Dermatologists may be the first to see patients with thyroid-related conditions and should therefore be familiar with the cutaneous manifestations of thyroid dysfunction.
The early recognition of hypo- and hyperthyroidism often lies with the dermatologist as both disorders can have a pronounced impact on the skin.
The triggering factors of thyroid disease include iodine deficiency and autoimmune diseases such as diabetes, vitiligo, and alopecia.
The incidence of thyroid disease is higher in Caucasian populations than in those with darker skin of color. Skin and hair manifestations of thyroid conditions will still present in patients with skin of color; however, they may appear in a more subtle form than in those with fairer skin.
Graves disease is the most common hypothyroid disease associated with cutaneous manifestations. Patients with Graves disease may show clinical signs of acropachy or myxedema.
The thyroid cancer syndromes include Sipple syndrome, Cowden syndrome, LAMB (lentigines, atrial myxomas, mucocutaneous myxomas, and blue nevi) syndrome, and NAME (nevi, atrial myxomas, myxoid neurofibromas, and ephelides) syndrome. Papillary carcinoma is the most common form of thyroid cancer in North America.
Dermatologists may be among the first medical professionals to be consulted by individuals with hypo- and hyperthyroid disease. This is because the common dermatoses related to thyroid hormone dysfunction and/or thyroid-specific lesions (eg, cysts or malignancies) are often the first symptoms that patients become aware of. Therefore, dermatologists should be familiar with the broad and varied cutaneous manifestations of an underlying systemic thyroid disease in order to make the correct diagnosis.
Worldwide, the most common cause of primary thyroid disease is a dietary iodine deficiency; however, this is rarely seen in the Western world.1 Several studies have found that, when compared with other patient groups, African Americans have a lower prevalence of thyroid disease.2,3 Autoimmume thyroid disease is associated with other autoimmune diseases, including vitiligo, alopecia, and diabetes mellitus.4,5,6 Hyperthyroidism tends to affect women more than men (at a ratio of 5:1) and has an overall prevalence of 1%.7 Some studies suggest that there may be a lower incidence of hyperthyroidism in African American patients.1 However, research on indigenous Africans in South Africa suggested that these patients presented more frequently with a complicated form of the disease, including cardiac failure, overt myopathy, and infiltrative ophthalmopathy.8 The presentation is often late and severe, and this may reflect potential educational, socioeconomic, and cultural differences between the African and Caucasian populations in Africa, as well as delays in diagnoses.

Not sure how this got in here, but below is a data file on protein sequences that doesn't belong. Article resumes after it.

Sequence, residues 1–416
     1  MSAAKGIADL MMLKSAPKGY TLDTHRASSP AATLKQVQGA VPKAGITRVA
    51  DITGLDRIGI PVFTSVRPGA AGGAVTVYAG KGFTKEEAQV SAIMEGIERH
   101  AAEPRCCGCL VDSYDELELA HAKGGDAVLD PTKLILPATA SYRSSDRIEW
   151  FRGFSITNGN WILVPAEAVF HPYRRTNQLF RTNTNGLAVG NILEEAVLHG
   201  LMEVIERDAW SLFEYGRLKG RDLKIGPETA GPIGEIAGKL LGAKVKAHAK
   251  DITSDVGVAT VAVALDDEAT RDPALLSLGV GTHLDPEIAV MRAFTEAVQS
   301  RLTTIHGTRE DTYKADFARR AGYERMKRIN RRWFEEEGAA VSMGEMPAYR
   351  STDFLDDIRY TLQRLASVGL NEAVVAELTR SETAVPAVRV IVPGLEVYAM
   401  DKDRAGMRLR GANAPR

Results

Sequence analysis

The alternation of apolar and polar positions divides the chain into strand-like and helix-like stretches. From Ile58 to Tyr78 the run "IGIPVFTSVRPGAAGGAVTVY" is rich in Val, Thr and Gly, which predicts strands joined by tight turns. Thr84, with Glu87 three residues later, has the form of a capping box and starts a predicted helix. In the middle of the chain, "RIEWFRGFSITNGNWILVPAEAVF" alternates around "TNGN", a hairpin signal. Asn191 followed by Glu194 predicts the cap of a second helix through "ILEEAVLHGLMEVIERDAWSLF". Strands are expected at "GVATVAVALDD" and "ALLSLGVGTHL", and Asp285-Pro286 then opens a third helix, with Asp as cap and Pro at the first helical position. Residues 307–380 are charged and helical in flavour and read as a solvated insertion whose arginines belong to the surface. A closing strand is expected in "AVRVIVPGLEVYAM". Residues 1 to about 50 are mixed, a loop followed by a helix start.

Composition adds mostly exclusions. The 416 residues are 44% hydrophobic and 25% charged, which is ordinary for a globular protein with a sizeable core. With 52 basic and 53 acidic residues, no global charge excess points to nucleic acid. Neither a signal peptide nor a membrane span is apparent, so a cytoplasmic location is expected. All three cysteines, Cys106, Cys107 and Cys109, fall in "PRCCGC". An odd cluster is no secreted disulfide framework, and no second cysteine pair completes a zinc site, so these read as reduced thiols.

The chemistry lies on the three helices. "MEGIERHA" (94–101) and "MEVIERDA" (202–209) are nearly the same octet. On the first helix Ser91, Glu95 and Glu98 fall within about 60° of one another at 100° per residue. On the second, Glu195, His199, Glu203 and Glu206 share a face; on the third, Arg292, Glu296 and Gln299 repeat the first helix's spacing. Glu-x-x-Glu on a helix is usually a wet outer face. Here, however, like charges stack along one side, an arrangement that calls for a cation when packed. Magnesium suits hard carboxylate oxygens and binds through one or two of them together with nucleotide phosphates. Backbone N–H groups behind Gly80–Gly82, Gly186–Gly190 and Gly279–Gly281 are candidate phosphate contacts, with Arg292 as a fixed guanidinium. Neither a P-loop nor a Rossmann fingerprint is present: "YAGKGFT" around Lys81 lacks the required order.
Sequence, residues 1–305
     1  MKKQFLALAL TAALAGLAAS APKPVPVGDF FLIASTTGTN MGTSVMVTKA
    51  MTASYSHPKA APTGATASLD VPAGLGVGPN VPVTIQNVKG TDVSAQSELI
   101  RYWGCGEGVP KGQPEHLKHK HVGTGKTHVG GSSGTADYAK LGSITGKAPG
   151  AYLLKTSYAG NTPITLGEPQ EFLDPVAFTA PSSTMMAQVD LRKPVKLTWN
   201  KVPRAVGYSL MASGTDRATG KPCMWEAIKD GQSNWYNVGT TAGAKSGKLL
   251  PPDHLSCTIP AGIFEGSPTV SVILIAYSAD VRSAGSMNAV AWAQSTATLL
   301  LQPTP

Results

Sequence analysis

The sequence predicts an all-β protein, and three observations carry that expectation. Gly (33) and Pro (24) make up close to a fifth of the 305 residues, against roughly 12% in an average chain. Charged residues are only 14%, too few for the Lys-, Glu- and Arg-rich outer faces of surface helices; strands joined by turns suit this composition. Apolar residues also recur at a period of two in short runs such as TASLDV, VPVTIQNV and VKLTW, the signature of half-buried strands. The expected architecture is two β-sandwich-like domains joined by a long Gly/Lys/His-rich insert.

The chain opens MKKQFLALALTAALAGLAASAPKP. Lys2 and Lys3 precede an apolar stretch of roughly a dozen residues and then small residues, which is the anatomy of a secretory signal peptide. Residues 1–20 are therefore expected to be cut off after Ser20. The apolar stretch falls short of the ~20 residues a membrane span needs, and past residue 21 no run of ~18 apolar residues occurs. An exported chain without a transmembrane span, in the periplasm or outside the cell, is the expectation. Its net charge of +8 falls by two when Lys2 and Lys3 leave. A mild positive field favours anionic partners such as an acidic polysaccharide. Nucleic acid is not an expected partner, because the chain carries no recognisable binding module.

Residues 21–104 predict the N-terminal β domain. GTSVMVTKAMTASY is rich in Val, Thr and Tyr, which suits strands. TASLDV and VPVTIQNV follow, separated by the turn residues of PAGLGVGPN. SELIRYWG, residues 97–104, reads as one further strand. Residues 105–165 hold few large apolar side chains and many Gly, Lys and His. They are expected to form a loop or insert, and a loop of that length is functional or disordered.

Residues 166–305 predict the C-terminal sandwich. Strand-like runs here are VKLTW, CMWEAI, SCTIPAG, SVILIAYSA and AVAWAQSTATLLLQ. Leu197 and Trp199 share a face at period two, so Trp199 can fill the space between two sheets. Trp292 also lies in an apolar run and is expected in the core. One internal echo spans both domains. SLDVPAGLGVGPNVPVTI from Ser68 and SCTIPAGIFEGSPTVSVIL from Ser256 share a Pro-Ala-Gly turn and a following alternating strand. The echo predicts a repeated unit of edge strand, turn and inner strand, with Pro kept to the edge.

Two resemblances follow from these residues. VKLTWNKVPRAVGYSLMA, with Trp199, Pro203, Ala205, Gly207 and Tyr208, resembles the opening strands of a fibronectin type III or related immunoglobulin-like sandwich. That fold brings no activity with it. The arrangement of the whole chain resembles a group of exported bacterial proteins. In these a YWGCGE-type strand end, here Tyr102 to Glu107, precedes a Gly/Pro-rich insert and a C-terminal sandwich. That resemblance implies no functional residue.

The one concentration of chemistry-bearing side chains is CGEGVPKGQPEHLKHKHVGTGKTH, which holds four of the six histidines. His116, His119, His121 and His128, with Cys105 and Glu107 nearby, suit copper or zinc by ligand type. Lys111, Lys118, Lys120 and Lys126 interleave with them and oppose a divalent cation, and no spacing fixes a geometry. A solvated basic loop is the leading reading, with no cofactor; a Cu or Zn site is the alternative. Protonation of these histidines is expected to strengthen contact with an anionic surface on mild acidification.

A recent study demonstrated that the prevalence of subclinical hypothyroidism among pregnant women was fairly high among Indian patients.9 They also had high rates of thyroid peroxidase (TPO) antibody positivity.9 Therefore, screening for hypothyroidism is often included as a routine test to improve maternal and fetal outcomes.
Among Americans, there is a lower rate ...